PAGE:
After years of memorizing scripture, I’ve come across a number of free tools and resources that I wish I had known about earlier. To memorize the Bible takes a lot of hard work – don’t get me wrong – but the right tool can make the job much easier.
So if I was to start over, here’s what I would recommend to help someone memorize the Bible faster and easier.
1. Verse Card Maker | Free Bible Flashcards
Many people love to review the Scripture they’ve memorized using physical notecards instead of an app on their phone. I love this as well, but creating those cards tends to take up a lot of time, doesn’t it?
There are plenty of places online where you can buy sets of cards for memory verse review, but did you know that you can also create your own for free?
I found this easy to use website, Verse Card Maker.
Using this website, you can:
- Input the passage you’re memorizing
- Put how many verses you want per card
- Choose your preferred font size
- Print them out (single or double sided)
Within minutes, you have cards you can use for your review!
The only downside of this free tool is that you’re limited to only using the ESV and King James versions of the Bible. If you chose a different version of the Bible to memorize, this tool might not work for you.
2. Memory Grid Maker: The “First Letter Method”
This method, which was discussed in my interview with Ronald Johnson, is a way to give your brain only part of the information needed during the review process.
The problem is that most people tend to peek at the entire verse or word when reviewing, which doesn’t force their brains to work on active recall. The first letter method fixes this, but as with the flashcards above, it takes time to create this resource by hand.
The Memory Grid Maker from Scripture Memory Fellowship allows you to pick a passage of the Bible that you’re memorizing, choose the translation and then create a printout that has the first letters of each verse laid out in a beautiful grid.
If you’ve never tried this method before, it’s really worth giving it a shot. After choosing your passage and translation (they have many more to choose from), you’ll end up with something that looks like this:
3. Using Scripture Already Put to Song
Last week one of our community patrons named Rachel was getting a little burned out by rote memory of the Psalms she was going through, and she decided to give music a try. She found the book of James put to music and played it on repeat throughout the day.
To her surprise, the speed at which she was able to capture all five chapters of James, using only songs she listened to, was incredible! As in…less than a month. (seriously!)
Here are a few YouTube channels that I really like:
There are so many great musical resources that I can’t even list them all here. It’s possible to just go on YouTube and search “[passage] + song + [translation]” to find what you want.
4. Looping App Tool: Memorizing on Repeat
I’m a big fan of various kinds of oral review, recording myself saying the verses or passages I’ve memorized and then listening to them during a run or while driving in my car.
It’s easy to find a way to record yourself, but the biggest downside is that once you’ve listened through a recording, you have to restart the file in order to listen again. Here’s a hack my friend Craig Brown told me about in our interview last year – a non-traditional app that can actually help you with memorizing.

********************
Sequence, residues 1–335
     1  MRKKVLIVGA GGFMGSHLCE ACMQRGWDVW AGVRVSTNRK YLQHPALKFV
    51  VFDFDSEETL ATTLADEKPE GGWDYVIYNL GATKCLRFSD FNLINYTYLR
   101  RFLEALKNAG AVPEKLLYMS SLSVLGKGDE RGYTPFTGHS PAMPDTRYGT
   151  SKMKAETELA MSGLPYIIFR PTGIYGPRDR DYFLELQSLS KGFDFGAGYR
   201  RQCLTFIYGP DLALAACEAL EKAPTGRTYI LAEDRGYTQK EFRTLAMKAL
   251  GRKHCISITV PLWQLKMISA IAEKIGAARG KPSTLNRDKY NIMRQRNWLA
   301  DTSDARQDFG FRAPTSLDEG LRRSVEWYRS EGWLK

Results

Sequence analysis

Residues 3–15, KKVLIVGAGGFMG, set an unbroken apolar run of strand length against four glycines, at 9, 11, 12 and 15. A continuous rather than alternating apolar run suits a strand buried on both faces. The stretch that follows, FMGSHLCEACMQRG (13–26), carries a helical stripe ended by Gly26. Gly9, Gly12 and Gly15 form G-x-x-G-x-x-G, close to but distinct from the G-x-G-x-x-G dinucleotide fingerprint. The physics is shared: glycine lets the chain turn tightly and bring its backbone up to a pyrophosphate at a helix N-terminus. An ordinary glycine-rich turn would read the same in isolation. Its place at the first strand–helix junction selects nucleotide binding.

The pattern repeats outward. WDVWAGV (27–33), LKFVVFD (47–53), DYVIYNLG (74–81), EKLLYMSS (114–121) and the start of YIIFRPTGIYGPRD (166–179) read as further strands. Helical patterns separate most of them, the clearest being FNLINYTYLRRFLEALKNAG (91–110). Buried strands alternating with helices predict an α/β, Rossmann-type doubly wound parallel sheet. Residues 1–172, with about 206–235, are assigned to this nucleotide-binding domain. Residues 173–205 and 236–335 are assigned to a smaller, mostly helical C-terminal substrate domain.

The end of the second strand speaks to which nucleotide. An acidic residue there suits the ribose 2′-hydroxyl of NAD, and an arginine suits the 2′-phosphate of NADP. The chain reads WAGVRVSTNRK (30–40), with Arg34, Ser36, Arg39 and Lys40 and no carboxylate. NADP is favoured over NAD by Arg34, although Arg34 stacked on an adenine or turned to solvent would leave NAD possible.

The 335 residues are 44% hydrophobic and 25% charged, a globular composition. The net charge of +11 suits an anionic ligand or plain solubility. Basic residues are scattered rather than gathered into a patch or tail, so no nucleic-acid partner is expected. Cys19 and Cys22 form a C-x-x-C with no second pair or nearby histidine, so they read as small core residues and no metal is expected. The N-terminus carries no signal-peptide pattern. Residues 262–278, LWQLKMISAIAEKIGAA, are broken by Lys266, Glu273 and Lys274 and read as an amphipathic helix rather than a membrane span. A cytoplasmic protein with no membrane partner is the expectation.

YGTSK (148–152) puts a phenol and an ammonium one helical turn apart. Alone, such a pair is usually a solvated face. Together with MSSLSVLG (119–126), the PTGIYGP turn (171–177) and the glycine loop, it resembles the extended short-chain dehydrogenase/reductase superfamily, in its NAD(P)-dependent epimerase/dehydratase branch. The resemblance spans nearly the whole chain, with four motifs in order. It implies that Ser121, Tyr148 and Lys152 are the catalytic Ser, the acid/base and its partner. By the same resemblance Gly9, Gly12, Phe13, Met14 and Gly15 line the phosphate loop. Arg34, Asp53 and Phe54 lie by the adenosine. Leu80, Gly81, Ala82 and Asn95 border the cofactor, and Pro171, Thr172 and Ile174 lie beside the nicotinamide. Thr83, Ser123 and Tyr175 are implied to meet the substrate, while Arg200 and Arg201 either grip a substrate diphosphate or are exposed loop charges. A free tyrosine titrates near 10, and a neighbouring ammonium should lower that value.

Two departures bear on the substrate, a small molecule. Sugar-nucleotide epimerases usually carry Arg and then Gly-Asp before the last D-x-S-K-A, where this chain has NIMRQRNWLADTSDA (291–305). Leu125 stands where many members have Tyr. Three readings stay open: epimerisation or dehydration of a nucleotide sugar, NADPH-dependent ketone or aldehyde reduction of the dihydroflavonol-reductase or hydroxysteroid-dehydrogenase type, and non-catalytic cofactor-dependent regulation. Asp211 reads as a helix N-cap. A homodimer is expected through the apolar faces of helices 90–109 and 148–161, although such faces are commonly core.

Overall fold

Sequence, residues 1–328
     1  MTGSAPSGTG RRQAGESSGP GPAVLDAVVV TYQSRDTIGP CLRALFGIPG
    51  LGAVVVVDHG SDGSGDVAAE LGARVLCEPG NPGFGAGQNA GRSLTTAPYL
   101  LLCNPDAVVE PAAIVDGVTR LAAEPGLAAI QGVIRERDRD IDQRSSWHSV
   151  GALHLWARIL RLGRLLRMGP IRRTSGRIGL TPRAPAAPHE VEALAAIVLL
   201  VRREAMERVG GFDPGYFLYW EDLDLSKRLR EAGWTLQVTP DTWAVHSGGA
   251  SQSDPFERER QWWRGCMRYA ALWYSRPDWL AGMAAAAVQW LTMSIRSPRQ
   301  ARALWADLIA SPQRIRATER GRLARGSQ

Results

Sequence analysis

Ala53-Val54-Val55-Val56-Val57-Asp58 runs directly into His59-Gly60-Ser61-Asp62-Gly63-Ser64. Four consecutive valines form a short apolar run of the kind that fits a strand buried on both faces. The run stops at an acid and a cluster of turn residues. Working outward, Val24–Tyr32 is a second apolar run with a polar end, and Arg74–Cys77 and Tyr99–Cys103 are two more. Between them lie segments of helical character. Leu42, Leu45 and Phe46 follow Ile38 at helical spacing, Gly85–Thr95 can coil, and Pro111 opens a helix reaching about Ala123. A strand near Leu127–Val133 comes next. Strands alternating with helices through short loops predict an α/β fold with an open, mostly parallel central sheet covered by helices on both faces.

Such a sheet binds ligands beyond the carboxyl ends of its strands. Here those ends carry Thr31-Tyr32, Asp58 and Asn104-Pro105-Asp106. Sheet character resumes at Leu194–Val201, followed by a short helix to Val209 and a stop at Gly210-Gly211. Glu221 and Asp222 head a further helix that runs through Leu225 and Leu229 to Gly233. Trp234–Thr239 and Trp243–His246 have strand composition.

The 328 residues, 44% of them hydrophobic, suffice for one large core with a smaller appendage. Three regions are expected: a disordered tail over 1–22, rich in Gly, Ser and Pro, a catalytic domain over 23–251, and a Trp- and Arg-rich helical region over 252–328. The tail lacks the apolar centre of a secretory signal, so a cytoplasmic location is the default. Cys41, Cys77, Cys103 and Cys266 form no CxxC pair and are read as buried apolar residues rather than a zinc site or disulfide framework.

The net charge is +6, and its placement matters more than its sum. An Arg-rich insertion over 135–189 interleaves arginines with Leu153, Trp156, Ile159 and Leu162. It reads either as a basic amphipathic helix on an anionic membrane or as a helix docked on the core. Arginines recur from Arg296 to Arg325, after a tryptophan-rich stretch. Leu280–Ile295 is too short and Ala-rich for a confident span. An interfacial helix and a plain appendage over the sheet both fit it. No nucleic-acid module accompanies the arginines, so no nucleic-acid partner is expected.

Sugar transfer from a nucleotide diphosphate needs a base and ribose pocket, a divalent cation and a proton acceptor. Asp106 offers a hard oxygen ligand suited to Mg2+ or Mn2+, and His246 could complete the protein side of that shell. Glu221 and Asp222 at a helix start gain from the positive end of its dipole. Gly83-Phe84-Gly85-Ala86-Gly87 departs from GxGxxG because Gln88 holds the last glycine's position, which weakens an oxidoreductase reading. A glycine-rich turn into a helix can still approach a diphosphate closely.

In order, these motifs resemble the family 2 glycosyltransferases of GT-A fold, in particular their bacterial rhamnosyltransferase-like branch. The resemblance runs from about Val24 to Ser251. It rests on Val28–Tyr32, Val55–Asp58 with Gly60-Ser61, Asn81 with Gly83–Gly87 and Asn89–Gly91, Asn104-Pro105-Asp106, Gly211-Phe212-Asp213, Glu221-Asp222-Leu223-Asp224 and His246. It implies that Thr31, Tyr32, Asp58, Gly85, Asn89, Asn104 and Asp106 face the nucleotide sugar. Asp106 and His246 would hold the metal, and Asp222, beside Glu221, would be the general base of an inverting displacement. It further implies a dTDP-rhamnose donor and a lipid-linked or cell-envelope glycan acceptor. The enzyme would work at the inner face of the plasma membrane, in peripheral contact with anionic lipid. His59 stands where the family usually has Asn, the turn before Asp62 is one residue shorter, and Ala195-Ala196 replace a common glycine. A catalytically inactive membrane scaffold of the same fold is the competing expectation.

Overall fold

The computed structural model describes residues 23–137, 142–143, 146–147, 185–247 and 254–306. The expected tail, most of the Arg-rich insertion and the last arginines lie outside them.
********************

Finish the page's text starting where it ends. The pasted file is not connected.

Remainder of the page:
The app is called Jam Looper, and it’s normally used by musicians to loop a section of music over and over again.
However, in this case, Craig would record the verses he wanted to memorize and just listen to them on a loop. He didn’t have to restart it because the app loops it continually.
This free app is available on iOS and Android and is a great way to review on the go!
5. Mobile Apps: To Help with Long-Term Retention
This kind of resource list wouldn’t be complete without mentioning some of the best Bible memory apps to use such as Bible Memory or Verse Locker. There are several different options, but they do pretty much the same thing.
In my opinion, the biggest benefit these apps provide is their ability to help you create spaced repetition in your Bible memory so that you consistently review verses, moving them from short-term to long-term memory.
The downside of using these apps is that you’re constantly looking down at your phone, which I’m not a big fan of doing. Overall, I would encourage you to move away from tying Scripture memory to your mobile device.
However, for the purpose of tracking and review, these apps are still a great option.
6. Memorize the Bible with a Community (free!)
I know that this last one is biased, but there’s really no better way to build excitement and accountability around your Scripture memorization than by doing it in community with other believers.
If you can find a friend or somebody at church to do this with you, that’s ideal. But for many of us, that might be hard to find, and that’s where our free Bible memory community can help.
For example, last week our community completed a 7-day summer challenge where members set their own goals and encouraged each other to work at the goals daily.
In just one week hundreds of new verses were memorized, and people who had lost motivation were able to get excited about committing more Scripture to memory.
Follow on YouTube or Podcast!
If you’d like to see these free Bible memory resources in action, check out this video from our YouTube channel:
Or you can listen to the Memorize What Matters podcast on your favorite player:Listen to “6 Free Tools I'd Use to Memorize the Bible (if I could start over)” on Spreaker.
More Bible Memory Resources
Are you interested to memorize more of God’s Word? Check out the various resources we have available on Bible Memory Goal: